McMillian did also have his struggles. He was slated to play a role in run support but he was average, at best, during the early part of the season. After Woodson went down, the Packers opted to give Jennings more time opposite Burnett. McMillian saw his snaps decrease and was virtually splitting time with Jennings. By the time the postseason arrived, McMillian was on the field for a measly five total downs. In the divisional round loss to the San Francisco 49ers, it is safe to say that none of the Packers defenders had played well and were left with higher goals in 2013.
Coming into this year’s offseason workouts, McMillian was prepared for whatever circumstance came his way. Just prior to the draft, Tyler Dunne of the Journal-Sentinel published a piece on McMillian and his thoughts on whether or not the team would draft a safety. He maintained that it was not going to affect his approach and that he would continue to work hard towards securing the other starting safety spot. As mentioned earlier, Thompson tends to be partial towards his draftees and McMillian appears to have shown enough to garner that support.
A short while back, our own Marques Eversoll listed his top five Packers who are primed for a breakout season. McMillian is listed fifth, although it was between he and defensive end Mike Neal. With it becoming clear that the team will go with who they currently have at safety, they have to hope that McMillian can take that key step forward this season.
Size-wise, McMillian stands 5’11” and 207 lbs. While he is a tad on the short side for your prototypical NFL safety, his abilities allow him to be just as effective. McMillian has the speed to close on plays and with a year under his belt, he should be all the wiser in his coverage assignments. That alone can help him make a jump and become a bigger contributor in the defensive backfield.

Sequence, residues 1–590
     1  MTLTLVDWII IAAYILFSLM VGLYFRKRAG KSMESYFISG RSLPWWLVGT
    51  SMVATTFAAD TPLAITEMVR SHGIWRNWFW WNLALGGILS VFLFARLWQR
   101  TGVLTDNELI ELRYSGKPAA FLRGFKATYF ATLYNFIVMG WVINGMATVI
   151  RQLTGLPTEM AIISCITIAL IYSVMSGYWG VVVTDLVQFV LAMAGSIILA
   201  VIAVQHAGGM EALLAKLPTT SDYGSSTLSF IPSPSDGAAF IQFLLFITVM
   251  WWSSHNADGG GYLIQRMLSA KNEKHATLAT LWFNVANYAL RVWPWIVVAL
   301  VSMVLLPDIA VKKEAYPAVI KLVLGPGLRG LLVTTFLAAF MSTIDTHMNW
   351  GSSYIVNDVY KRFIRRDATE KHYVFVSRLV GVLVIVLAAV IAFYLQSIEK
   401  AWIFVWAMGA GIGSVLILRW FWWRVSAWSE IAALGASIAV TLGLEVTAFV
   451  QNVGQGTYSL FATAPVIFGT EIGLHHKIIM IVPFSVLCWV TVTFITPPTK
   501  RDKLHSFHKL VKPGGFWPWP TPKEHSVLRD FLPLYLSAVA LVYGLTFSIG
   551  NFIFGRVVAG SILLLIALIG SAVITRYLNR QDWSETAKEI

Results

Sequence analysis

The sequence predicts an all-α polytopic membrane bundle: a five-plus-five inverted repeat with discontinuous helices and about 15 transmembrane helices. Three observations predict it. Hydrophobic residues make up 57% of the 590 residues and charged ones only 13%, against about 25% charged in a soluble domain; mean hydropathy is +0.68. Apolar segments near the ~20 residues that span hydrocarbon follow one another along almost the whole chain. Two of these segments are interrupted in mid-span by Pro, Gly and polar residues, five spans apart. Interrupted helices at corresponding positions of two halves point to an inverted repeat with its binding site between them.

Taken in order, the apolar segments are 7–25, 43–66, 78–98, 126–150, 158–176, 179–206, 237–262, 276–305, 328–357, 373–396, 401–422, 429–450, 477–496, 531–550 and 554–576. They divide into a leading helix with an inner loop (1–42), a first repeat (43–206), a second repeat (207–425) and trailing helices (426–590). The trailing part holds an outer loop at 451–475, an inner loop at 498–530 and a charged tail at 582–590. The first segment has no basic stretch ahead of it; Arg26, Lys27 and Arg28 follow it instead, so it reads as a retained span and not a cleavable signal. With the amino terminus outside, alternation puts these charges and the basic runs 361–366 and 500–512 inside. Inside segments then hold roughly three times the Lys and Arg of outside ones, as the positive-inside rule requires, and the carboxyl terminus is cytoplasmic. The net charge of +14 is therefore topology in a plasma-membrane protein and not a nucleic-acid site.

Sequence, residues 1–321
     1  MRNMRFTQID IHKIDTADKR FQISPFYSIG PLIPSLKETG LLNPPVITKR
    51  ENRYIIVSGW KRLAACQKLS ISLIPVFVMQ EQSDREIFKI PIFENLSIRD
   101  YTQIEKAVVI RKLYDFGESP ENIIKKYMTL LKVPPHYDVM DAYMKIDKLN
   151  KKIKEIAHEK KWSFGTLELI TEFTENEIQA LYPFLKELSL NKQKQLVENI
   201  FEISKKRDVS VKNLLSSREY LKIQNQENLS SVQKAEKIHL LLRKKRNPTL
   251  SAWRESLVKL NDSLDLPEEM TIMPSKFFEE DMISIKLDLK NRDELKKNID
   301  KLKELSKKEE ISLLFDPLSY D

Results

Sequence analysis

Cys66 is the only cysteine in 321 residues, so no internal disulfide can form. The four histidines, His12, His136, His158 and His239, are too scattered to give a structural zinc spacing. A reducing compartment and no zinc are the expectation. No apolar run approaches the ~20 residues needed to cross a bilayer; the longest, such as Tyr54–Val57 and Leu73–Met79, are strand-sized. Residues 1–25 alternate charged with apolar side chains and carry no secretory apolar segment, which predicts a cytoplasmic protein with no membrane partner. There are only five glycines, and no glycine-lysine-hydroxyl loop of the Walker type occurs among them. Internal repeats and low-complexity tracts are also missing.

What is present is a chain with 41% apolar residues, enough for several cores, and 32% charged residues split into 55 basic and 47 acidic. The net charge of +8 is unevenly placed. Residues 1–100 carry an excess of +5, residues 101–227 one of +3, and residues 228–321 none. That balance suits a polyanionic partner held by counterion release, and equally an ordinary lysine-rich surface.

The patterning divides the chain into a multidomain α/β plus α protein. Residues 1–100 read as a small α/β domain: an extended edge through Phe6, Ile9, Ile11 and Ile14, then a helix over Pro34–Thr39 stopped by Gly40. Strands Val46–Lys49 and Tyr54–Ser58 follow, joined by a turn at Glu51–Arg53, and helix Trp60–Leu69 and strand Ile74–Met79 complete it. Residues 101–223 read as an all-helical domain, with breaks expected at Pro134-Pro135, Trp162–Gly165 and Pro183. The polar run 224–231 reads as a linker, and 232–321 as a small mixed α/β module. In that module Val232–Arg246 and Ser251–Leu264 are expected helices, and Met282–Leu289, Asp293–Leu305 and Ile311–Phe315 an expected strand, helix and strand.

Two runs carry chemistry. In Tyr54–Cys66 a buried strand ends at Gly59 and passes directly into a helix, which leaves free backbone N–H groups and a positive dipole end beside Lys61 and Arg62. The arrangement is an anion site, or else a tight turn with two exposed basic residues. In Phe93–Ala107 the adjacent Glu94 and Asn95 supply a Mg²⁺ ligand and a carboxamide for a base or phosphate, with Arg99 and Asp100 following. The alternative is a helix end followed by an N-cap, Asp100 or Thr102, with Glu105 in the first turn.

In comparing McMillian to Jennings and Ricardson, he is the more talented player and has proven to be durable. Richardson battled injuries last season and was ultimately placed on injured reserve in early December. Richardson has the size and measurables to be an NFL safety, but he is coming off of surgery to repair a herniated disk in his neck this past January. His health and ability to leapfrog both Jennings and McMillian will be a big question mark during this year’s training camp. Jennings is listed at 6’0″ but is a bit on the smaller size, weighing in at around 190 lbs. He saw significant time last season, but he isn’t as effective as McMillian in run support and has a tendency to get lost in coverage.
I have to think that Marques is on to something and I expect Jerron McMillian to stand head and shoulders above the others when the 2013 season starts. If he does claim the starting role and both he and Burnett take the big step forward that the team is counting on, the Packers secondary will once again become one of the top units in the league.——————
Jason Perone is an independent sports blogger writing about the Packers on AllGreenBayPackers.comFollow Jason Perone: